Useful Tips

Japanese greeting: various options

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This summer, I went on a field trip for a whole month. And every day began trite with the words "good morning", and ended - "goodbye ...".

At the beginning of the day such an unbearable melancholy was causing me, a routine, after all! And only a couple of days ago I was visited by the thought that greeting and saying goodbye to each other is possible not only in Russian. After all, there are 3000 languages ​​on the planet, there is plenty to choose from, perhaps, and we are fixated on Russian.

So I made a small assembly of greetings in different languages ​​of the world ...

Now you can say hello to each other in different languages ​​of the world. More precisely, not even “hello”, but “good morning”. Initially, the idea was to collect greetings, but then changed his mind - it is impolite to everyone to say “hello”, “good morning” is much more pleasant.

So, 26 “good morning” in different languages ​​for you:

Hello in Japanese (spelling and pronunciation)

The universal greeting for all occasions, at any time of the day and applicable to all people, regardless of financial or social status, is familiar to many konnichiwa. This word is an analogue of our "Hello" or "Greetings to you."

"Hello" in Japanese (spelling and pronunciation)

You must have heard this phrase repeatedly in the anime. In general, “moshi moshi” can be translated as “hello”, but they use it exclusively as a greeting by phone, that is, it is an analogue of the Russian “hello”. The caller also answers, “moshi moshi.” You can use this phrase at any time of the day, but, I repeat, only by phone.

も し も し - (moshi moshi)

Good Morning in Japanese (spelling and pronunciation)

Most often in the mornings (before lunch) from the Japanese you can hear “Ohayō” - this is an abbreviation for the phrase “Ohayōgozaimasu”. The most common is the shortened version, that is, “Ohayo”.

  • お は よ う ご ざ い ま す - (Ohayōgozaimasu)
  • お 早 う ご ざ い ま す - (Ohayōgozaimasu)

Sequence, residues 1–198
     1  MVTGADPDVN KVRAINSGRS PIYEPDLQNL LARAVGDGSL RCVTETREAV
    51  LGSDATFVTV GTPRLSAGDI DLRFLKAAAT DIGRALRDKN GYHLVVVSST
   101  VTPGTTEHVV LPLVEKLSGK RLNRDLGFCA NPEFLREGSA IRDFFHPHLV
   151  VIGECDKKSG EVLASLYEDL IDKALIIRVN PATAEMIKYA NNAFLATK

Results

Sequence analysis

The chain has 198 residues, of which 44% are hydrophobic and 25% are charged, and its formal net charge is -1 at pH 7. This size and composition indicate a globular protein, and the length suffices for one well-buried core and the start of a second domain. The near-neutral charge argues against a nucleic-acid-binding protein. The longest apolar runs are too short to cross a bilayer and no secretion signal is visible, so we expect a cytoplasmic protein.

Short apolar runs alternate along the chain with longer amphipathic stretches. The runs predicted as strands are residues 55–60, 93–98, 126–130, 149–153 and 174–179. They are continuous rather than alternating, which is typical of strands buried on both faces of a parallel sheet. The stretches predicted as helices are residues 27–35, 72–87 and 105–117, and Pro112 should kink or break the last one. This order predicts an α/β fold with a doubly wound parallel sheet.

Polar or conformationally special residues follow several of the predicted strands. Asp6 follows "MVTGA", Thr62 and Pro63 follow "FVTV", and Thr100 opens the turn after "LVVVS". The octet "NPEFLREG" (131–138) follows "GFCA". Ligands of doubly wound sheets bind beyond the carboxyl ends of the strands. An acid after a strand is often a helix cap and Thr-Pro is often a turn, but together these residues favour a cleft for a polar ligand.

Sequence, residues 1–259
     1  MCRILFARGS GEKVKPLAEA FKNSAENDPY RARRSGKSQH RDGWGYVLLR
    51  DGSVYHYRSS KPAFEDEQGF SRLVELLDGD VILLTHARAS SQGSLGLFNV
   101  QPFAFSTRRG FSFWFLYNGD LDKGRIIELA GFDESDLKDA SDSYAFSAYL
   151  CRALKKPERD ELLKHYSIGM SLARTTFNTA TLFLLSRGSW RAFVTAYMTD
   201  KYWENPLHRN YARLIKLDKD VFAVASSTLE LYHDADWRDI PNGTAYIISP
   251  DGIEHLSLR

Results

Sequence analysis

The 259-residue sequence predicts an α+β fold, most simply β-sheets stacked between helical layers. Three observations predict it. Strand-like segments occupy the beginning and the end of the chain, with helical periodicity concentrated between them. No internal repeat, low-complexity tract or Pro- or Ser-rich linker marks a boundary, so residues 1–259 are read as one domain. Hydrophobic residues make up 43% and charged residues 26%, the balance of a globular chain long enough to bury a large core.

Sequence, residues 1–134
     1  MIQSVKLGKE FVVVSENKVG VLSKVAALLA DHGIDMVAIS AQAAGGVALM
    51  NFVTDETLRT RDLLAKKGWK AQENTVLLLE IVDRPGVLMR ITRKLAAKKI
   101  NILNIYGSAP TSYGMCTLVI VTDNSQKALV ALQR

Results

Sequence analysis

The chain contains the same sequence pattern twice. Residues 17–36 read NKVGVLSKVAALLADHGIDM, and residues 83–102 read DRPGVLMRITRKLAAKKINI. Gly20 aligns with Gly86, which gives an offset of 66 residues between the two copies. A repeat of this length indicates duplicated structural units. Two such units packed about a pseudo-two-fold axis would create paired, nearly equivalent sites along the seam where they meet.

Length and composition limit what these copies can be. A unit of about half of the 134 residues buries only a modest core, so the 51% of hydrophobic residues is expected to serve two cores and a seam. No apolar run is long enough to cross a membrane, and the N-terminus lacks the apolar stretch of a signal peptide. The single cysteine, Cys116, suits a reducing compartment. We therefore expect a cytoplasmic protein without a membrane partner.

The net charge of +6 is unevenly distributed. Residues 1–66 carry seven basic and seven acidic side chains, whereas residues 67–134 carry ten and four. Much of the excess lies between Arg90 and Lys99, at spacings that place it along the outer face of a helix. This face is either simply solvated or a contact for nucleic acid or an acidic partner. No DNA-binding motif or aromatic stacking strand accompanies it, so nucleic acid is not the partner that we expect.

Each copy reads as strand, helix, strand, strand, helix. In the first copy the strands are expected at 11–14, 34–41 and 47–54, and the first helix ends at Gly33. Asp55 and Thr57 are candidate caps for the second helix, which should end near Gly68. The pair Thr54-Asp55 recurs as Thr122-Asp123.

Good Night Japanese (spelling and pronunciation)

Parting with the onset of darkness, in Japan it is customary to say “Oyasuminasai”. This can be translated into Russian as "good night." However, keep in mind that the Japanese use the same expression for greeting at night (but more often for farewell). You can use the abbreviated expression “Oyasumi” with loved ones.

  • お や す み - (Oyasumi)
  • お や す み な さ い - (Oyasuminasai)

"Hello! Long time no see! ”In Japanese (spelling and pronunciation)

When meeting with an old acquaintance or relative in Japan they say “Hisashiburi”. The expression “Ohisashiburidesune” is much less commonly used. Its approximate value is “Hello! Long time no see!".

Short welcome in Japanese (spelling and pronunciation)

In modern Japan, young people often use the phrase “Yāhō” as a greeting. Most often, girls use it. The guys reduced it even more - "Yo." This greeting appeared in Osaka, and later spread throughout Japan.

"Hi dude" in Japanese (spelling and pronunciation)

Japanese boys of the same age (ONLY boys, girls do not use this phrase) in an informal setting often greet each other, saying "Ossu". Literally, this can be translated as “hey dude” or “hello dude”, “healthy”, etc.

“How are you?” In Japanese (spelling and pronunciation)

The Japanese have the expression "Hello, how are you?" Or "Hello, how are you?" And it sounds like: "Ogenkidesuka." However, close acquaintances, friends, colleagues or classmates, if they want to ask “how are you?” Or greeting, say in Japanese “how are you?”, They often use the expression “Saikin dō”.

最近 ど う - (Saikin dō)

Informal greetings in Japanese

Some more greetings you can use when meeting close friends:

  • ハ イ ー! - hai! - Hello! (borrowed version from English hi)
  • ハ イ ハ イ ー! - hai hai! - Hi Hi!
  • こ ん ち ゃ! - koncha! - “Zdarova!” (Shortened version by konnichiwa)

Comments

The site is good. There’s nothing to complain about, but the phrase:

"I love you"

You can say one more way:

"私はあなたを愛してる"
what reads like: "watashi wa anata o ai shiteru" or "Watashi wa anata oi shiteru"

where is the "o" in front of the verb is the same keigo like?
for a less flowery language there is a te form

For example, "Please come in."
here Do: zo ohairi kudasai
but it’s easier
haitte kudasai

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